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Revisiting Website Accessibility for California Businesses in Light of Wayfair, Inc.

Not too long ago, we discussed the fact that San Diego and California businesses must ensure that their websites are compliant with the Americans With Disabilities Act (“ADA”), with the Unruh Civil Rights Act (“UCRA”), and with the California Disabled Persons Act (“DPA”). As we discussed in that article — see here — the practical issue is ensuring that your company‚Äôs website is compatible with screen reader software that allows the blind, for example, to access the information listed on your website.

In our earlier discussion, we reviewed how the courts have been struggling with whether the ADA applies to a purely online business or whether some sort of physical presence is necessary. A new US Supreme Court decision might be relevant to the question. In the case of South Dakota v. Wayfair, Inc., Case No. 17-494 (June 21, 2018), in a five-to-four decision, the court reversed an earlier precedent and held that now, no physical presence in a state is needed for that state to require the retailer to collect state sales taxes on transactions. The Wayfair case may add fuel to the argument that the ADA applies even in circumstances in which there is no physical location for the alleged discrimination to take place.

Here is a quick review and discussion.

San Diego Corporate Law: Legal Review and Wayfair, Inc.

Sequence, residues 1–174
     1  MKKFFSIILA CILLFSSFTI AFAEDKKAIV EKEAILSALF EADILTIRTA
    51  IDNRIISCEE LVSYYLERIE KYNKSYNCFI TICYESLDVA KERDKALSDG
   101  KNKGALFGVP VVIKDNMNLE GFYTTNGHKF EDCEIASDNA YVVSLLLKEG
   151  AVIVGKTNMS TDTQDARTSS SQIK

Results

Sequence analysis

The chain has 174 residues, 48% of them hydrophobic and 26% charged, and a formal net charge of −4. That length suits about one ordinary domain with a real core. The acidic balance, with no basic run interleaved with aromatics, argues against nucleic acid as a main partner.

The ADA, the UCRA, and the DPA prohibit discrimination in “place[s] of public accommodation.” Under current California law and Ninth Circuit law, websites are not actual physical locations and, as such, are not “places” of public accommodation to which the ADA, the UCRA, and the DPA apply. See, for example, Young v. Facebook, Inc., 790 F.Supp.2d 1110 (N.D.Cal.2011) (dismissing ADA claim against Facebook because it operates only on the internet).

However, if a San Diego business operates from a physical space and uses the internet to “drive traffic,” then the company’s website needs to use the proper software to be compliant with the various anti-discrimination statutes. See, for example, National Federation of the Blind v. Target Corp., 452 F.Supp.2d 946 (N.D.Cal. 2006) (Target stores are physical; website is designed to drive traffic to the physical stores; website must therefore be ADA compliant).

In general, the legal concept of “physical nexus” with respect to taxation dates back to a 1967 US Supreme Court case called National Bellas Hess v. Department of Revenue, 386 U.S. 753 (1967). The new decision in Wayfair overrules National Bellas. Now, for purposes of taxation, no physical presence is needed. In the Wayfair case, the majority of Justices held that the reality of commerce is now substantially a virtual reality. As such, it was appropriate to recognize that reality and overrule long-standing precedent.

The reasoning in the Wayfair case may signal a change in how the federal courts integrate the internet and a business internet presence into various legal obligations. It would not be surprising to see more courts abandon the “physical nexus” or “physical presence” requirement for ADA compliance cases. Some courts have already held as such. See Andrews v. Blick Art Materials, LLC, 268 F. Supp. 3d 381 (US Dist. E.D.N.Y. 2017) (holding that the ADA applies even if there is no nexus to physical stores).

Contact San Diego Corporate Law

For more information, contact Michael Leonard of San Diego Corporate Law. Contact Mr. Leonard via email or call at (858) 483-9200. Mr. Leonard’s law practice is focused on business, transactional, and corporate matters. Mr. Leonard proudly provides legal services to business owners in San Diego and the surrounding communities.

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